Prof. Dr. Fatma Meriç Yılmaz
“We are strong and resilient”
Prof. Dr. Fatma Meriç Yılmaz was born in 1975 in Ankara. Early on she found her motivation in helping others which led her to pursue a career in the medical field, where she now has collected a vast experience as an academic as well as a leader. Since May 2022, she serves as the Vice President of the Turkish Red Crescent, where many changes and transformations have been made to enable a growing presence and role for women at all levels of the organization.
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Prof. Dr. Fatma Meriç Yılmaz

From a young age, I was always inspired and motivated to help other people. Making someone feel better, smile or happier was a self-fulfilling goal I had set for myself years ago. Hence, I decided to become a doctor, an academic and a humanitarian volunteer to spread kindness and help in times of need.”

“No one can stop you from achieving your goals if you work for a noble cause with passion and dedication”

– Prof. Dr. Fatma Meriç Yılmaz, Turkey

“Of course, being a woman, you face a range of difficulties throughout your life but as women we are strong and resilient. Even though we still have a long way to go to achieve equity, representation and equality for women, we should recognize that we came a long way in the last hundred years.

Women have always been at the front lines of humanitarian action. Inspirational women like, Florence Nightingale, Fatma Aliye Hanım, Clara Barton, Malala Yousafzai, Safiye Hüseyin Elbi and Claire Bertschinger among many other prominent women have not only faced the serious crises of their day but with their noble actions they significantly impacted the foundation of modern humanitarianism and shaped the Red Cross and Red Crescent Movement. Their bravery, vision and sacrifice show us that no one can stop you from achieving your goals and reaching your dreams if you work for a noble cause with passion and dedication.

Today, more than half of Red Cross and Red Crescent volunteers around the globe are women, and women are among the first to respond in all crises including disasters, epidemics, and conflicts. As women, we also pay all kinds of sacrifice for our passion and bravery daily. Despite this legacy, and the fundamental principles of impartiality and humanity, women are still not equally represented in the humanitarian sector, especially in top decision-making roles. Moreover, the deeply imbedded and systemic discrimination against women at the organisational, cultural, social, financial, and political levels are amplified in crisis situations, making it much more challenging for women to progress.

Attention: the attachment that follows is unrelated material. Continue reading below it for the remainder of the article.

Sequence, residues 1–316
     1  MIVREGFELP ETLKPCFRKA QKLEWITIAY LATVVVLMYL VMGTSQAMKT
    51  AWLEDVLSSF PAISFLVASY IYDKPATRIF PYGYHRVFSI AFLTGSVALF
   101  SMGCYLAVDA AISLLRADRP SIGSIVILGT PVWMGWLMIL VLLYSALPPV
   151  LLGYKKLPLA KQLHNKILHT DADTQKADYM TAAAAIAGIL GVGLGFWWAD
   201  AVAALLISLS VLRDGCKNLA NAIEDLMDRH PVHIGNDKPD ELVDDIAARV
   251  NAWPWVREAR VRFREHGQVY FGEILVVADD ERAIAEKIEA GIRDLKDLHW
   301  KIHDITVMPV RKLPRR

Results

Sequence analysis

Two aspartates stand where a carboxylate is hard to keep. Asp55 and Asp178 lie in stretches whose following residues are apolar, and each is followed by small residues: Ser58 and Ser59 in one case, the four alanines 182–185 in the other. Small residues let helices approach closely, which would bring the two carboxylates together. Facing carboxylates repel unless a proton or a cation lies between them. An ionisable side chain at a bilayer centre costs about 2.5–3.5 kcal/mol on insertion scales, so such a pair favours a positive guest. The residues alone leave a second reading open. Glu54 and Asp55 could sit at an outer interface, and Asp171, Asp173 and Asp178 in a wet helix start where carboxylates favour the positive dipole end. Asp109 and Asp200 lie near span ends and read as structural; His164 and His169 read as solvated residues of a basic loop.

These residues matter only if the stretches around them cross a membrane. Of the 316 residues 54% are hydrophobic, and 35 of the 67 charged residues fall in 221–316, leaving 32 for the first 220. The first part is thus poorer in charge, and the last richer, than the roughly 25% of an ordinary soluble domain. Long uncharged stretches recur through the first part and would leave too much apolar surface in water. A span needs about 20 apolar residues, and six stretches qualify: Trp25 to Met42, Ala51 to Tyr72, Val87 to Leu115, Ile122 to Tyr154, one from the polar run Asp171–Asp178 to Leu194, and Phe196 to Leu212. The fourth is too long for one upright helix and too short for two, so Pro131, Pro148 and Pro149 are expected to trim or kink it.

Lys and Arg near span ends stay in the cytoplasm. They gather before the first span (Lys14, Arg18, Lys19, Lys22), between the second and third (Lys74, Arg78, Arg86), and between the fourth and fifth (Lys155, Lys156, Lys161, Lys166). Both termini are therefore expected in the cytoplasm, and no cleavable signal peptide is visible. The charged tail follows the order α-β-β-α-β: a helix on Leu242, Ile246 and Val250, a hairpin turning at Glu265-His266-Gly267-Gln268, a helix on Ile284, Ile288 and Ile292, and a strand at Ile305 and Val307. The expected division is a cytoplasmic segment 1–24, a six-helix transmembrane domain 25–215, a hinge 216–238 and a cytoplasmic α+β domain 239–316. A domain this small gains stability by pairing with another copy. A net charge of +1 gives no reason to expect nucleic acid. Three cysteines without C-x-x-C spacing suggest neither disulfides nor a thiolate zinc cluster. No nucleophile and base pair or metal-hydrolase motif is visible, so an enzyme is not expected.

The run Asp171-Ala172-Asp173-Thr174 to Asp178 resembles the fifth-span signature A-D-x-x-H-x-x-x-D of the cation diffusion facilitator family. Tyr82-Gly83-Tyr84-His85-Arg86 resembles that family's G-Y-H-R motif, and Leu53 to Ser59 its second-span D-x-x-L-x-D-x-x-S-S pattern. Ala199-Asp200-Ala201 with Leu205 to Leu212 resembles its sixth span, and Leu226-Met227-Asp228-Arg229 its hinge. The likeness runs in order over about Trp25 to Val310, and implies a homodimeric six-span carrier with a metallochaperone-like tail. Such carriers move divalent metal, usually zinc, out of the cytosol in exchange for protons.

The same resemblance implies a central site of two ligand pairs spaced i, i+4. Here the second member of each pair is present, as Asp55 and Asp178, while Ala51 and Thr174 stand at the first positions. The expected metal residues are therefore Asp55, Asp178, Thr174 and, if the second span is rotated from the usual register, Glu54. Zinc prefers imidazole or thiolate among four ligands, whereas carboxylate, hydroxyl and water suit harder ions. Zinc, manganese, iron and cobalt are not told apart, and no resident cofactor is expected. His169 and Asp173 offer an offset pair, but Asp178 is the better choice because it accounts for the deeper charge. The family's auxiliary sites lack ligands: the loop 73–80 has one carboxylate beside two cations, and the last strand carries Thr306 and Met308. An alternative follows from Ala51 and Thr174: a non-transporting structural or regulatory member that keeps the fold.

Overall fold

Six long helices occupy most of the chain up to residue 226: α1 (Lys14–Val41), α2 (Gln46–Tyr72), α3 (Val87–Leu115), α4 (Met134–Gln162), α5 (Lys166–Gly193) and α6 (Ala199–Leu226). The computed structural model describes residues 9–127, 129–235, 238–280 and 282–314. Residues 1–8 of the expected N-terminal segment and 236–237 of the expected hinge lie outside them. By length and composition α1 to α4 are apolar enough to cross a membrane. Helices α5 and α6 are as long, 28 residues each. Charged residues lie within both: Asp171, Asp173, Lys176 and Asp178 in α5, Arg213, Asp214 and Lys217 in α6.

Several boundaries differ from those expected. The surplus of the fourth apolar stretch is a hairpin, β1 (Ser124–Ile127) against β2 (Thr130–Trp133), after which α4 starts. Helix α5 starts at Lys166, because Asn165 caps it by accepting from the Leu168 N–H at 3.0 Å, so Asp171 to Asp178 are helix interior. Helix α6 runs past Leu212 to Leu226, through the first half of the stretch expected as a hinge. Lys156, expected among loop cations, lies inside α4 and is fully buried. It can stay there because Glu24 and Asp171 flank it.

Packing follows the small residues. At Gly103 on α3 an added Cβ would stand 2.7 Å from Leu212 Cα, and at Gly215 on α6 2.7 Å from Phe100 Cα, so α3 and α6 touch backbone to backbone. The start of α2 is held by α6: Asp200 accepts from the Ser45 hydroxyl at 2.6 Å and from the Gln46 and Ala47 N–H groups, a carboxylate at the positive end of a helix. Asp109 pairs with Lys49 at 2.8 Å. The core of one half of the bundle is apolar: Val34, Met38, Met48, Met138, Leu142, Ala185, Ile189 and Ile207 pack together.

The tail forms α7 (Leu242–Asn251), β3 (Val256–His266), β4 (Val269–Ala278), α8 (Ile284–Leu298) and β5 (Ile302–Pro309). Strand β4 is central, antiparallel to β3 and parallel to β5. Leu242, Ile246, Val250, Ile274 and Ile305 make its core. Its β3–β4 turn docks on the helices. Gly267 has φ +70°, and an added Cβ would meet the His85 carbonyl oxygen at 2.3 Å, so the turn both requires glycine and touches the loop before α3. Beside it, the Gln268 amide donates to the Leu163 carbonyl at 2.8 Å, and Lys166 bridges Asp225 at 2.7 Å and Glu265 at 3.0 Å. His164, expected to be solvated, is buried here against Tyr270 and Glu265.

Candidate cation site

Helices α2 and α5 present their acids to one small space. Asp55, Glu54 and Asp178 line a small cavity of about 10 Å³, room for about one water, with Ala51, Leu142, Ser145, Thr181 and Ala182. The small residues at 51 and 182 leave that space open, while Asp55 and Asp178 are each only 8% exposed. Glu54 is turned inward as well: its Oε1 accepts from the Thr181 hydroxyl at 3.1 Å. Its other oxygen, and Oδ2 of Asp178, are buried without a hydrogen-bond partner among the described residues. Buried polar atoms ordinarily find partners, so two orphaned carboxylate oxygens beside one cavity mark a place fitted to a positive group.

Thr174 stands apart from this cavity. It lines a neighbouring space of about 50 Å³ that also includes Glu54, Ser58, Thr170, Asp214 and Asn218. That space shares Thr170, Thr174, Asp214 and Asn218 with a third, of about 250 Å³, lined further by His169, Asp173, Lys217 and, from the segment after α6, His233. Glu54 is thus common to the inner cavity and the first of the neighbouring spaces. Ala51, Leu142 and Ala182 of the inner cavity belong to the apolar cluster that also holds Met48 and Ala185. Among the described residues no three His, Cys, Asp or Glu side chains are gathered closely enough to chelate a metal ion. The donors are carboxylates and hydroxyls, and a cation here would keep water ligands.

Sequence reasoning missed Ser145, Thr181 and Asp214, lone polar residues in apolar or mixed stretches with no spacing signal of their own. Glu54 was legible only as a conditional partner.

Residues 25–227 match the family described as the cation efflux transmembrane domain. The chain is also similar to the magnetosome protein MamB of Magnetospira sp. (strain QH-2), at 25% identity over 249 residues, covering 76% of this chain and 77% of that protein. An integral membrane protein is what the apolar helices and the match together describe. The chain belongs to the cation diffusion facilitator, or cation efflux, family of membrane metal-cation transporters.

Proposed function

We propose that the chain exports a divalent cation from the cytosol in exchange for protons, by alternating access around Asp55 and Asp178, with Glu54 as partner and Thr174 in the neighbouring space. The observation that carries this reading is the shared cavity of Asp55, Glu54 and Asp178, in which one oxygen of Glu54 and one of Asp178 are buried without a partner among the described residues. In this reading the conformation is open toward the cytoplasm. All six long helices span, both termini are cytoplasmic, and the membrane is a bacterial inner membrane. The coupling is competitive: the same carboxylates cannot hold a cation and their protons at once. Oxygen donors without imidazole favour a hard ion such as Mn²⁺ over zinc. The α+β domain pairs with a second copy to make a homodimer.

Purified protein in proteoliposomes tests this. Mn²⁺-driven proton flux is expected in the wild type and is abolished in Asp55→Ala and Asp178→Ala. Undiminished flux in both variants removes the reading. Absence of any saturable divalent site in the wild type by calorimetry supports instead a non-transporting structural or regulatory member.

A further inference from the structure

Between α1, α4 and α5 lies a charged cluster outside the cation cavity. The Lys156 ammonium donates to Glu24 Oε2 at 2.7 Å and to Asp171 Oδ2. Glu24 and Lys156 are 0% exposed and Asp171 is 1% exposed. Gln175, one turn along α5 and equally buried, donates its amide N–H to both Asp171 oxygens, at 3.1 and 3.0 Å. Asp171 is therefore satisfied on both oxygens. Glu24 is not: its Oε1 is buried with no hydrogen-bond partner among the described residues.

Today, regardless of the obstacles and challenges we have, many women in our Red Cross and Red Crescent Movement working meticulously to serve humanity and bring added value to their organizations.

I am very happy and honoured to be a woman in a leadership position at the Turkish Red Crescent, where many changes and transformations have been taking place to enable a growing presence and role for women at all levels of the organization.

One of many undertakings in this regard is the establishment of the Red Crescent Women Unit of Turkish Red Crescent in 2020. Our aim with this Unit is to ensure the active engagement of women not only as the ones burdened with vulnerabilities in society but also as active agents and humanitarians shaping the response and decisions.

Since its establishment, Turkish Red Crescent Women now exists in 195 branches and representative offices across the country. 18,000 registered women are actively engaged in Red Crescent Women Unit and reaching out to thousands of people in need every day.

In addition to 18,000 our women volunteers in our Women Unit, we also worked hard to attract and reach out to women volunteers as part of our general volunteer efforts for the Turkish Red Crescent as a whole. As a result of our work over the years, 60 percent out of our 200,000 total volunteers are women. A proud accomplishment. 

At the Turkish Red Crescent, we combined these practical steps with new changes to our revised Statute. We managed to take a serious step forward to encourage women and youth memberships and volunteerism and enshrined in our newly revised Statute a minimum 3-member quota for women in our Governing Board. We are aware that more needs to be done but we find this a significant step forward for women leaders and decision makers in our organization.

While we have to do more to pave the way for women volunteers, managers, leaders, we as women must continue our hard work and realize that despite all the difficulties, we are still unstoppable when we work with passion, dedication, and a noble cause to alleviate human suffering.”

Prof. Dr. Fatma Meriç Yılmaz

Turkey, 2015

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Between 1990 and 2017, women made up only 2 per cent of mediators, 8 per cent of negotiators and 5 per cent of witnesses and signatories to global peace processes.

– UN Women

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